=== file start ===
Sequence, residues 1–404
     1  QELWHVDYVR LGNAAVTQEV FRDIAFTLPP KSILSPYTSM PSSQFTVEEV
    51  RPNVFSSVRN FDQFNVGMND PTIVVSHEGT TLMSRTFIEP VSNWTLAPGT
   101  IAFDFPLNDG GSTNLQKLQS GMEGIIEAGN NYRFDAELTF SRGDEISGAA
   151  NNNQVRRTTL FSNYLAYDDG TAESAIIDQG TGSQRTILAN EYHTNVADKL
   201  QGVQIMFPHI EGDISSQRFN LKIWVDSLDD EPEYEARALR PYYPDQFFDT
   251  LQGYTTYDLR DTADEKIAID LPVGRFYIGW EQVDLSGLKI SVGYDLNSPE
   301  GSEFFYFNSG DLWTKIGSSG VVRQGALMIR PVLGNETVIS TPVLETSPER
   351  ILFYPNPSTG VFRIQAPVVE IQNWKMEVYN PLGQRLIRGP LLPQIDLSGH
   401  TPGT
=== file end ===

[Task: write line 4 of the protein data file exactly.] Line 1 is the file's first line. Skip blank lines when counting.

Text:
   101  IAFDFPLNDG GSTNLQKLQS GMEGIIEAGN NYRFDAELTF SRGDEISGAA